Thoughts on the upcoming NHS contract

By 10 June, 2019Members

To date we don’t really know how it will look, so I am basing the following opinions on my experience and history with the NHS over the last 30 years, as well as my history and experience with how government works.

This means my analysis might be flawed, wrong, off base… the writings of a complete basket case in other words.  It will also contain my inherent biases, both known and unrealised.  So of you were to make any future decisions based on what I have to say, it might mean you have rocks in your head :)

In many ways, the new NHS contract will be worse than what we have now.  Worse for associates, worse for patients, worse for staff and worse for the image of the profession as a whole.  It will, somehow, be beneficial to central government and corporates, as well as likely being tolerable to practice owners, especially those with large practices.

Why do I say this?  There is no doubt in my mind that progressive governments have felt that dentistry should be removed from the NHS, but nobody in Whitehall has had the political will or the guts to take that final step.  So they tinker and manipulate the profession, hoping that there will be a mass exodus so that the “greedy dentists” can be blamed for the demise of NHS dental care.  Why there is this reticence confuses me, because it occurs to me that dentistry is hardly a sacred cow that politicians risk sacrificing their careers for.  Likely it is just cowardice, but there might be other reasons that I am not seeing.

The NHS contract has corrupted care in the majority of practices, the dentists delivering that care lowering standards in many cases to try and “get the contract to work”.  I have seen first-hand how the goalposts and the rules were changed, often without the workforce being informed.  Said workforce reacted with fear and compliance rather than risking all by standing up to the general tide of oppression that was thrown over those “lucky” enough to be in possession of an NHS contract.

If you were to ask me, I would state that the NHS was no longer a vessel dentists should consider sailing in, with maybe an exception made for the salaried services.  Working under NHS contract is now filled with suspicion and mistrust, and unfortunately, a lot of that is down to the profession itself.  Some of you may shout your ire at me for that statement, but let me remind you that in the first year of the new contract, the provision of Band 3, single tooth partial acrylic dentures rose by over 70% compared to the years before the contract.  Dentists will make systems work, and often that is by taking whatever lifeline they can find, even though the end of the lifeline is often attached to a bear trap.

I remember in 2007 eating curry with 5 NHS practice owners who were all rejoicing in the way they could make money out of the contract.  None of that conversation, to my recollection, had anything to do with the actual care of patients.  I did my best to avoid such games, but it helped that I was in possession of a relatively high UDA value.  Others weren’t in that situation.  I won’t use the word lucky, because I entered the 2006 contract with a systemised plan.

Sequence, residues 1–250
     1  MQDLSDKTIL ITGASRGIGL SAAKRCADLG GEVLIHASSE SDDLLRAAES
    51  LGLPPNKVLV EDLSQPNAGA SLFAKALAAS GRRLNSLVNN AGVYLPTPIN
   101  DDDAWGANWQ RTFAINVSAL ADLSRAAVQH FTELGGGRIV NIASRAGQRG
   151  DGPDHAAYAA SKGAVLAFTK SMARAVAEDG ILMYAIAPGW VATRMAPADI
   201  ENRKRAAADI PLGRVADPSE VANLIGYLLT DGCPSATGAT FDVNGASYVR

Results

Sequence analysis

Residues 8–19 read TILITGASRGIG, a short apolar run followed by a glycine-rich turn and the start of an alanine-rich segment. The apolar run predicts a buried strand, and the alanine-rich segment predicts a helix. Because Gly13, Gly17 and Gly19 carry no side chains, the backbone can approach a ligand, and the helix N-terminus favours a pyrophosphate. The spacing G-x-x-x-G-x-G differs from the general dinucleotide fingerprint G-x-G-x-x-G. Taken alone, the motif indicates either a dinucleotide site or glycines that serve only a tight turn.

In a time when the country is close to bankruptcy (the UK national debt grows by the rate of £5170 per second) is it any wonder provider and performer activity is being scrutinised under the most powerful of accounting microscopes.  We created a rod for our own back, and we did it willingly.

Here is what I predict will happen with the new contract

  • There will be a grace period as practitioners are allowed to adjust.  Flaws and loopholes will be found that will be exploited by dentists trying to keep their practice viable.  These will quickly be closed down, as the mechanism for oversight and monitoring will likely be maintained by NHS England (instead of being closed down as happened in 2006).

  • The % paid to associates will come under pressure.  I also feel the wording of the contract will further hamper the ability of NHS associates to claim self-employed status.  The NHS is heading for an employee model for non-practice owning dentists.

  • There will be vastly greater amounts of paperwork associated with the new contract.

  • Dentists will realise that really they should leave for the private sector, but too many of them will cling on for reasons only known to themselves.

  • The contract delivered will be inadequate and completely the wrong mechanism for delivering dental care to the population.

  • Workforce numbers will continue to fall and it will be increasingly difficult to fill positions as the younger generation of dentists realise their future is outside the NHS

  • The contract will be designed to be beneficial to corporates, but their own shabby business practices will see them destroy that perceived benefit

  • The contracts will be time-limited 

  • The new new contract will ultimately fail

If you presently own or work under an NHS contract, you might want to do your own risk analysis.  Whilst I have no connection with Practice Plan, an organisation like this might be a suitable mechanism for NHS practice owners to transition into the light.